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The roles of UV, neoantigens, and epitope spreading in vitiligo and melanoma

Jennifer A Lo

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National Institutes of Health (NIH)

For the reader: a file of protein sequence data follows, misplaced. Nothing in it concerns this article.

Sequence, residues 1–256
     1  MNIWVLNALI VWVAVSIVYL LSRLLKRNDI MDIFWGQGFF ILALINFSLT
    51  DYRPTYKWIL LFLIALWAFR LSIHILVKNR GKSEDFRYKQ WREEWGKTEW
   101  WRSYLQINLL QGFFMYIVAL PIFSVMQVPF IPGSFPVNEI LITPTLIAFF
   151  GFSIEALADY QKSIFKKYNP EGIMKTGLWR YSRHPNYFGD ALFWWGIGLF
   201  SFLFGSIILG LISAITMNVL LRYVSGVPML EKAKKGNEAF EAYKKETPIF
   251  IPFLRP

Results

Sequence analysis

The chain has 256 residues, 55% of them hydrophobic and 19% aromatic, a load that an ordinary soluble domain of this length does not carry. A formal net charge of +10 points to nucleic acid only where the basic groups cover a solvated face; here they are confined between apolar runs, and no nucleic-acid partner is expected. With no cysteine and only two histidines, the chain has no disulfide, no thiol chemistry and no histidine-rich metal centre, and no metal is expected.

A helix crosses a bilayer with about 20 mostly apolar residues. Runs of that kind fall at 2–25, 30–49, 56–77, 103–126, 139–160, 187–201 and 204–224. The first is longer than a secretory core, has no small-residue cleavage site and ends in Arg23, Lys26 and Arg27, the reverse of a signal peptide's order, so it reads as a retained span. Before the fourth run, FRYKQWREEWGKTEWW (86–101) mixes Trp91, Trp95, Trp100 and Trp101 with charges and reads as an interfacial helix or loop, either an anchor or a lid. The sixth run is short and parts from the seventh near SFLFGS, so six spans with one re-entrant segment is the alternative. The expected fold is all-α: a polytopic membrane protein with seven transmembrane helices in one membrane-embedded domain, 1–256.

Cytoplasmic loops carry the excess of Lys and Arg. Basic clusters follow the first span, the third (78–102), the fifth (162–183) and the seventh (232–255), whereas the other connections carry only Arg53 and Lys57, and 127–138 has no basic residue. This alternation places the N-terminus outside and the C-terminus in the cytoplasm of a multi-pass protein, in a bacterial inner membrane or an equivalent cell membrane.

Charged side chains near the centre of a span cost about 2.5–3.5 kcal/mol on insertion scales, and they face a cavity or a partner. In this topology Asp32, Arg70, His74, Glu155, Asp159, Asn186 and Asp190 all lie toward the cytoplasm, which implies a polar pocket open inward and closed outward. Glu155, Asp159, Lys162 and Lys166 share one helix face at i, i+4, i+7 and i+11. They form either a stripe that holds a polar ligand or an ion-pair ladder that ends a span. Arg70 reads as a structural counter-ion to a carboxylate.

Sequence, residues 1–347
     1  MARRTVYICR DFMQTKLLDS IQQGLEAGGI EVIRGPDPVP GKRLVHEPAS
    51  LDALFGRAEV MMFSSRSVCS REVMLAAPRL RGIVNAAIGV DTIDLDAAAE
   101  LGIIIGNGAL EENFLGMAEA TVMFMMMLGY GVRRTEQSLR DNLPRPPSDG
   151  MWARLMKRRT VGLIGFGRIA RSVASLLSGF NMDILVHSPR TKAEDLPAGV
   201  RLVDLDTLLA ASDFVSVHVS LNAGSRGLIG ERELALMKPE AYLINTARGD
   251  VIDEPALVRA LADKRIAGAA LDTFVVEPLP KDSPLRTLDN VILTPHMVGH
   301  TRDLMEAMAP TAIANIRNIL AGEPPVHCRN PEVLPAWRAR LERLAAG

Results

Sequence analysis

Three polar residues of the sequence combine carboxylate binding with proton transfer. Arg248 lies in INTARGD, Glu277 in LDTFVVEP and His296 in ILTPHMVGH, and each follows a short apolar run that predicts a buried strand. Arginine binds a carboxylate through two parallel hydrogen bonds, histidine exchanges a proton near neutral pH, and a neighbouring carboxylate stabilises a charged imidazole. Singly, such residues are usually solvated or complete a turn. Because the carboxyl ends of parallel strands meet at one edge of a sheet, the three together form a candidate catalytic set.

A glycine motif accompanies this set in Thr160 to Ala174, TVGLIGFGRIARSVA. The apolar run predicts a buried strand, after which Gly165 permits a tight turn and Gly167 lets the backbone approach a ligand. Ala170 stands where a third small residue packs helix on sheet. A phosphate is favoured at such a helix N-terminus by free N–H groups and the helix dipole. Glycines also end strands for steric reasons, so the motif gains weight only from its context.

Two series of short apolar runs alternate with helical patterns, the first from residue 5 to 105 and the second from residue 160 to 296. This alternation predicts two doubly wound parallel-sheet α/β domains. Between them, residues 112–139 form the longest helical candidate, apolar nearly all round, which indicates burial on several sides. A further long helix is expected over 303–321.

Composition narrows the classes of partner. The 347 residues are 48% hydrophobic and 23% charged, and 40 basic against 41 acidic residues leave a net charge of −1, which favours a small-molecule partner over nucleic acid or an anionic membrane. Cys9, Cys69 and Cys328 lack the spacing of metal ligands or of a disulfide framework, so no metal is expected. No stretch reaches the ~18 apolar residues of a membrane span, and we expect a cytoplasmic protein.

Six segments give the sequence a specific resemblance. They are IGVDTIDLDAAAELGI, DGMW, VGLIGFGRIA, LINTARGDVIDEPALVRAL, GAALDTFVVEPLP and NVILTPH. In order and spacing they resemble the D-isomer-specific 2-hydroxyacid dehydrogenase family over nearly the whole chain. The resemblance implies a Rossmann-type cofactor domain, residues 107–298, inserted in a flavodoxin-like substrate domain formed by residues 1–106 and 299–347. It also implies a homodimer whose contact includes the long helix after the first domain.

Ultraviolet radiation (UVR) is a well-established carcinogen and leading environmental risk factor for melanoma, one of the most aggressive and treatment-resistant malignancies. Melanocytes are vulnerable to accumulation of UV-induced mutations that can lead to malignant transformation if unchecked by immunosurveillance. However, continued survival of melanocytes is essential for photoprotection from future UV insults, suggesting that melanocytes may require enhanced immune tolerance. Vitiligo is caused by failure of tolerance in which autoimmunity against melanocytes results in depigmented patches of skin. Thus melanoma and vitiligo reflect the extremes of inadequate or excess immune activity against the melanocytic lineage. This project aims to develop mouse models for two main objectives: (1) to investigate one pathway by which UVR may promote melanocyte-mediated immune tolerance, and (2) to evaluate the role of UV-induced neoantigens and epitope spread in immune responses against melanomas. Ultimately we hope to use this knowledge to suggest approaches for preventing vitiligo, enhancing anti-melanoma immunity, and increasing the proportion of melanoma patients who benefit from immunotherapy. MITF is the master transcriptional regulator of the melanocytic lineage and is induced by UVR as part of the tanning response. Preliminary data suggest that PD-L1, a T cell coinhibitory signaling molecule, is a transcriptional target of MITF. In the first aim, mechanisms of PD-L1 regulation by MITF in both the absence and presence of UVR will be further characterized in vitro and in mice. Next, rates of vitiligo development in UV-irradiated mice with or without conditional PD-L1 knockout in melanocytes will be compared to determine whether PD-L1 expression is required for immune tolerance to UV-induced neoantigens. Lastly, to assess the role of the MITF-PD-L1 axis in melanoma-mediated immune evasion, immune responses against melanoma cells following disruption of MITF- or IRF1-binding sites in the PD-L1 enhancer by CRISPR will be compared in a syngeneic tumor graft mouse model. The goal of the second aim is to understand the effects of increasing neoantigen loads on immune responses in melanoma. To pursue this aim, single cell clones of C57BL/6 congenic mouse melanoma cells with increasing numbers of UV-induced mutations will be generated and characterized. Next, these clones will be grafted into C57BL/6 mice that will be treated with immune checkpoint inhibitors to break immune tolerance. The rates of tumor growth and survival and magnitude of immune responses against melanoma clones with different neoantigen loads will be compared. The extent of epitope spread in these mice will also be studied, as clinical trials have suggested that immune checkpoint inhibitors potentiate epitope spread of immune activity against initial melanoma-specific epitopes to normal melanocytic antigens. To investigate this question, rates of vitiligo development in mice engrafted with melanomas containing different neoantigen loads will be compared.

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